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Burberry Americas Slowdown Sours China Rebound

Shares fell 6 percent after deteriorating sales in the Americas overshadowed a resurgence in Chinese demand. The British megabrand is in the midst of a transformation under CEO Jonathan Akeroyd and designer Daniel Lee.
Shares fell 6 percent after deteriorating sales in the Americas overshadowed a resurgence in Chinese demand.
Shares fell 6 percent after deteriorating sales in the Americas overshadowed a resurgence in Chinese demand. (Burberry)

Burberry Group Plc shares fell 6 percent after a slow down in the Americas overshadowed a rebound in China as the country reopened after the pandemic.

Retail comparable store sales rose 7 percent in the year to April 1, which was ahead of expected growth of 5.6 percent. However, the British brand’s revenue in the Americas continued to deteriorate with comparable sales dropping 7 percent in the final quarter.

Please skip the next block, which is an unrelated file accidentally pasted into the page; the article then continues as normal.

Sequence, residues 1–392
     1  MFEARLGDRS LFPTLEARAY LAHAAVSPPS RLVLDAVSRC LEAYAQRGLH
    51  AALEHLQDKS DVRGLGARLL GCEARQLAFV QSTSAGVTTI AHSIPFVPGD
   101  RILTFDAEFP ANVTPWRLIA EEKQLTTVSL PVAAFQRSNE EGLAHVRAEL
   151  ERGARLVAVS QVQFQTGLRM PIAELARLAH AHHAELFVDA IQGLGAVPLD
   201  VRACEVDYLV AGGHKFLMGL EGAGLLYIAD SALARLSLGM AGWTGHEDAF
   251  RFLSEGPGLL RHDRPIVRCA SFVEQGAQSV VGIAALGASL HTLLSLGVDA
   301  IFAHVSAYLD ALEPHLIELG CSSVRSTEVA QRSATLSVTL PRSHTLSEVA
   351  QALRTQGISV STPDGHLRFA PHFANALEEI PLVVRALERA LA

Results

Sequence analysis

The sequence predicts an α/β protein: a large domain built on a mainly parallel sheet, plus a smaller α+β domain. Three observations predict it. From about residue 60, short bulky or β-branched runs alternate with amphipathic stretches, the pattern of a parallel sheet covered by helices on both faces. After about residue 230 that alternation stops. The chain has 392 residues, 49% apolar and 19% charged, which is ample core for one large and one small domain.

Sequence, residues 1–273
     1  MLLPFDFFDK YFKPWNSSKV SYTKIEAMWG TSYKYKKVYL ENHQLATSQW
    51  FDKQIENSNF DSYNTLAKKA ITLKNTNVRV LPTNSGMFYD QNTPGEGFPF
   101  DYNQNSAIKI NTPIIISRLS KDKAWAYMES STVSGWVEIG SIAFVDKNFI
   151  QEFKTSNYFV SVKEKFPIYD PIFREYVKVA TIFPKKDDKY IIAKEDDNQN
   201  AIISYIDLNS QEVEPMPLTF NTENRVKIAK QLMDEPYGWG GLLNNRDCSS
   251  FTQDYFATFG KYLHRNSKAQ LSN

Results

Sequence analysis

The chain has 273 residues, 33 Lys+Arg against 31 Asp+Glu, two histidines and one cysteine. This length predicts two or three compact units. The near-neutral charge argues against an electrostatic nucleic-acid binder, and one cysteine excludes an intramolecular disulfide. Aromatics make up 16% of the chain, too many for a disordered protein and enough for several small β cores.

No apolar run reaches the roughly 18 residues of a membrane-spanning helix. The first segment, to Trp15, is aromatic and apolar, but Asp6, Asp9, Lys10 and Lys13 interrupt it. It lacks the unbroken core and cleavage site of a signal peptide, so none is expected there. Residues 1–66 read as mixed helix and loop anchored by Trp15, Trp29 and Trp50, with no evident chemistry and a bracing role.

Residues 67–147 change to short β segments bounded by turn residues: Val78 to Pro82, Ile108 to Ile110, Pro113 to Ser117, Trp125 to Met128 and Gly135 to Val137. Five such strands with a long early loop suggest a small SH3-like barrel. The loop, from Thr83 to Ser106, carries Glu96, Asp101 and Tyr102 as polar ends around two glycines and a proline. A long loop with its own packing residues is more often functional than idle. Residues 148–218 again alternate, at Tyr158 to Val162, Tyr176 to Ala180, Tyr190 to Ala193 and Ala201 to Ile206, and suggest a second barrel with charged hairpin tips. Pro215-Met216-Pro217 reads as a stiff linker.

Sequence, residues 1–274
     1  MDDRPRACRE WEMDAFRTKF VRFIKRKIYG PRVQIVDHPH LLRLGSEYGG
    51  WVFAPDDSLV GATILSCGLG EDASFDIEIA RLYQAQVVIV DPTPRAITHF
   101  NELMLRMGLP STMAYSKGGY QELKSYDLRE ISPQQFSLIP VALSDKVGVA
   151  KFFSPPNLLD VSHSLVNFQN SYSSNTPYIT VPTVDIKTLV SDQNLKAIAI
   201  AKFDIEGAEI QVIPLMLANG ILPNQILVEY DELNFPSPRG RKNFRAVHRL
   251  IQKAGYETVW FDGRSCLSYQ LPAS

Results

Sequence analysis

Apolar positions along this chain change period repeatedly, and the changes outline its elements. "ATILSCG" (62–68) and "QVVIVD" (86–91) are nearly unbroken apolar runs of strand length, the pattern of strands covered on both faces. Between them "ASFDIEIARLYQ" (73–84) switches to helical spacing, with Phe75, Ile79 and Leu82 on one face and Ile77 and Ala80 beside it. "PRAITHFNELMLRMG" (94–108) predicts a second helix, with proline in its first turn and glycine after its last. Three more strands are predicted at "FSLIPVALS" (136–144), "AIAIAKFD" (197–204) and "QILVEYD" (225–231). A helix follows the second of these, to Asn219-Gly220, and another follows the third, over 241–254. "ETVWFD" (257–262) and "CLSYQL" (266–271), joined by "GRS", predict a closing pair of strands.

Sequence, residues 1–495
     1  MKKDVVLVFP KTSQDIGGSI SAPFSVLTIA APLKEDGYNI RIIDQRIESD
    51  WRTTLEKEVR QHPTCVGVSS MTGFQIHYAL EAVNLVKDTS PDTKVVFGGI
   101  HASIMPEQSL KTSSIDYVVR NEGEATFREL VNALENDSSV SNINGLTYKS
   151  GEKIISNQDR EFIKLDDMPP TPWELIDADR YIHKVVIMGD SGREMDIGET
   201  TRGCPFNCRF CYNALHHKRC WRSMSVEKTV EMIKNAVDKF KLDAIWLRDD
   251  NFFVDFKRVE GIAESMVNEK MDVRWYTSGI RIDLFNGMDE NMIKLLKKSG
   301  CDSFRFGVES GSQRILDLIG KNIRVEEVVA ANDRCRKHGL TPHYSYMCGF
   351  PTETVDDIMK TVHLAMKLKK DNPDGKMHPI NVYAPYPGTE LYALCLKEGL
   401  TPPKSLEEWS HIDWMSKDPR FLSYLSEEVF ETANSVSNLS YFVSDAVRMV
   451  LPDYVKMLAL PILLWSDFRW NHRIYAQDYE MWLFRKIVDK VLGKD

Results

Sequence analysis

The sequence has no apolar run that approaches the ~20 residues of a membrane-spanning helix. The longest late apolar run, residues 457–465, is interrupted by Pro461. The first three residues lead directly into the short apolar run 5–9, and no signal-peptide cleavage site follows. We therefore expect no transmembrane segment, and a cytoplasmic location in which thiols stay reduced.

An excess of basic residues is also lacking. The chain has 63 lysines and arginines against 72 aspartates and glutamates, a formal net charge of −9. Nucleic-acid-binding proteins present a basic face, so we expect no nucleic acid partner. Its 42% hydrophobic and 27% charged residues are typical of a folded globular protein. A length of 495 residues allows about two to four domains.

Jonathan Akeroyd took over the running of the trench-coat maker more than a year ago promising to revive excitement in the brand. He has since named a new designer, Daniel Lee, whose debut collection in February sought to reassert the “Britishness” of Burberry.

The label was previously led by an Italian duo whose plan was to elevate the prestigiousness of Burberry in the eyes of consumers. While Akeroyd has said he will continue on this path, he also wants to boost revenue by selling more accessories and bags in the long-term.

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Revenue accelerated in the last quarter as growth rebounded in China to 13 percent, according to a statement Thursday. But trends in the Americas worsened which Burberry blamed on the fact Americans are now traveling abroad again reducing local spending. Customers in the region are also buying fewer entry-level products, the company said.

Burberry kept its guidance for its medium-term targets, however, adding it’s mindful of the macroeconomic and geopolitical environment.

Luca Solca, analyst at Sanford C. Bernstein said Burberry is one or two steps behind on everything, with a faster decline in the USA, he added and more muted profit.

More visibility is needed on the impact of Lee, according to Morgan Stanley analyst Edouard Aubin who said the slight beat on sales was expected.

Burberry’s performance follows a mixed picture for luxury rivals in the first quarter of this year. Christian Dior owner LVMH Moet Hennessy Louis Vuitton SE, Hermès International and Prada SpA powered ahead while Gucci parent company Kering SA struggled.

By Angelina Rascouet.

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